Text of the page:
Best F(r)iends review

With Tommy Wiseau and Greg Sestero, the stars of Wiseau’s legendarily awful 2oo3 drama The Room, co-starring in a new movie together, comparisons to that original disasterpiece are impossible to avoid. Best F(r)iends, a new buddy crime movie directed by Justin MacGregor and written by Sestero, embraces the inevitable juxtaposition by acknowledging and paying homage to The Room throughout its entire run time: it’s not a sequel, but it’s clearly a spiritual successor and often feels like it could be set in the same cinematic Wiseau-niverse.

To watch Best F(r)iends is to step through a portal into a bizarre, topsy-turvy world in which Wiseau is once again a lead character in a feature film, still very much in possession of all the unique eccentricities his fans have found so strangely irresistible. 14 years later, this is the same old Tommy, and those who have worn out their DVD copies of The Room are going to go nuts for it.
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Blade Runner 2049 reviews

The wait was long but the reviews are in, and it’s official: Blade Runner 2049 was worth the wait.

Critics have heaped effusive praise onto Denis Villeneuve‘s visually stunning sequel to Ridley Scott‘s 1982 Blade Runner, calling it enthralling, profound, moody, and (gulp) better than the original. While its near three-hour runtime can cause audiences to balk — and indeed, caused the film to lose some points among critics — Blade Runner 2049 is apparently one of the best sci-fi blockbusters of the decade.

Read some of the Blade Runner 2049 reviews below.

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Brawl in Cell Block 99 Review

S. Craig Zahler‘s Brawl in Cell Block 99 may be one of the most violent movies ever made. It’s easy to imagine scenes from its gore-soaked final act becoming YouTube shock fodder in the years ahead, moments that people spring on unsuspecting friends to get a reaction. That may sound like catnip for seasoned genre film fans, audiences who are numb to cinematic violence and feel like they’ve seen everything, but even those with the most hardened nerves may find themselves lightheaded. It’s that gross. It’s that unsparing. It’s that effective.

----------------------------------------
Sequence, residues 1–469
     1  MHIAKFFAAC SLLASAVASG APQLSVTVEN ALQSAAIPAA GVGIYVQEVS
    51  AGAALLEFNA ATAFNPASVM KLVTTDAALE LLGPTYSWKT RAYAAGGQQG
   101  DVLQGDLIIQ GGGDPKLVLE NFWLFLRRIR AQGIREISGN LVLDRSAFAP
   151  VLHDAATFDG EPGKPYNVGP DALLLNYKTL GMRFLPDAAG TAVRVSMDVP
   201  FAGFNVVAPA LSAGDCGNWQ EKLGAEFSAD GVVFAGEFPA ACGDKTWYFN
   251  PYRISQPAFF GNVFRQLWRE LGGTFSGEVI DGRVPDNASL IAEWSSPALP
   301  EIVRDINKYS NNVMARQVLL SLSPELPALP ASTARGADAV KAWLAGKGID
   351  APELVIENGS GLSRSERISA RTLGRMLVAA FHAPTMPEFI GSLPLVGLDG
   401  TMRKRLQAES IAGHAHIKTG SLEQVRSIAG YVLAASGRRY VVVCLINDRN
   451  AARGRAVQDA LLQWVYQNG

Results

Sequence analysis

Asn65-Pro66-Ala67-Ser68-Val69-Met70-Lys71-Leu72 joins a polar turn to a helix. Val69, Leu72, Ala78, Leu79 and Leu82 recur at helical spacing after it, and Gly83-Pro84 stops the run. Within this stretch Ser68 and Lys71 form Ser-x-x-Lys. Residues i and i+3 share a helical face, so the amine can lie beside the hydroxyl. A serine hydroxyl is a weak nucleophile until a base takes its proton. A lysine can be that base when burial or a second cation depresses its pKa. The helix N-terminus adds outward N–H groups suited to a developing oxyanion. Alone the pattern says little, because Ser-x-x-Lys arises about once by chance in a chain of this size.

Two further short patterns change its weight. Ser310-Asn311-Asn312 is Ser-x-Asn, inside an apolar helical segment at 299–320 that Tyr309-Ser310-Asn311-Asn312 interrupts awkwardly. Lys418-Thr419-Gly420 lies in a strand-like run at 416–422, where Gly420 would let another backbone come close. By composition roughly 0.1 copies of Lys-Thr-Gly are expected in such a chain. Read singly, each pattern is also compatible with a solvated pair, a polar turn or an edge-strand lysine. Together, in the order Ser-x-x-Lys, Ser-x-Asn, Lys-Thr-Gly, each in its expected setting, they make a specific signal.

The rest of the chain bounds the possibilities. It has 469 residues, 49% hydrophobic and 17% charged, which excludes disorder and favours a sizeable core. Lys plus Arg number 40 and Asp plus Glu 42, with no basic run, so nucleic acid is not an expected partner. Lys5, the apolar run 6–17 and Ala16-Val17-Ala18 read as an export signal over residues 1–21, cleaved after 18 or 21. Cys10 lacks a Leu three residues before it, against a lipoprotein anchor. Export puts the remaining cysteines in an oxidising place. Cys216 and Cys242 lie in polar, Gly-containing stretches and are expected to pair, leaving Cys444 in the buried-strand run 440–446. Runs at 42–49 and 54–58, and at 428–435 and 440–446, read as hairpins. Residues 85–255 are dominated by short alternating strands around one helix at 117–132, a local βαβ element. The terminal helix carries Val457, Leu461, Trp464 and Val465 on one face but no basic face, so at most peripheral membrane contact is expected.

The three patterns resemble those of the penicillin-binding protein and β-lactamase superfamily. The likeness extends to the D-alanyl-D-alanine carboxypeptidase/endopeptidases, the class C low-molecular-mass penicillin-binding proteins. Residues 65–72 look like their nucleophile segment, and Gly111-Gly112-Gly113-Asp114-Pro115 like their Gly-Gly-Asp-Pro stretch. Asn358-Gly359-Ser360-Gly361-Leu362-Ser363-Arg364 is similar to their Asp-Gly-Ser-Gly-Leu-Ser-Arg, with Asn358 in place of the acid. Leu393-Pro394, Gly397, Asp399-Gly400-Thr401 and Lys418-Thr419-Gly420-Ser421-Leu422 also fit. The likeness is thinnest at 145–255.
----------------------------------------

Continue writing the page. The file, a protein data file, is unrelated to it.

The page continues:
But it also comes at the end of a bad movie. Albeit, a bad movie that curious viewers should definitely check out for themselves because Brawl in Cell Block 99 is too weird to ignore, too audacious to write off, and too damn interesting to stop thinking about. But yes, it is bad.

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wheelman review

Allow me to thumb my suspenders and clear the kids off my lawn before I break out this old cliche, but they don’t make ’em like this much anymore.

Wheelman may represent the shifting cinematic landscape of 2017 – it was produced by Netflix and will skip theaters and arrive directly on the streaming service next month – but it’s a straightforward, simple, muscular, and blissfully old school thriller that, much like its leading man, feels like it escaped from 1974. But even when this crime-gone-wrong movie traffics in familiar beats, it does so with a slick confidence and calm-under-fire grace. Making a movie that feels this cool (this effortlessly cool) sometimes feels like a lost art. This is the kind of hardened, macho, dizzyingly entertaining crime movie that gets in, does its job, and gets out without wasting a single second of your precious time. You get the sense that Wheelman respects you, the audience member: it’s not here to beat around the bush. Like a great getaway driver, its focus is squarely on delivering the goods.

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Thelma Review

Joachim Trier‘s Thelma begins with one of the most haunting opening scenes in recent memory. A young girl and her father trek out into the wilderness surrounding their home, crossing over a frozen lake and entering the woods. The father is armed with a rifle. When his young daughter isn’t looking, he takes aim at the back of her head. He hesitates. He doesn’t pull the trigger.

And then we leap forward a number of years and Thelma (Eili Harboe) is heading to university in Oslo and learns that something is wrong with her. Or right with her. Because Thelma has supernatural abilities. And like any kid heading off to college for the first time, she’s got some serious stuff to figure out.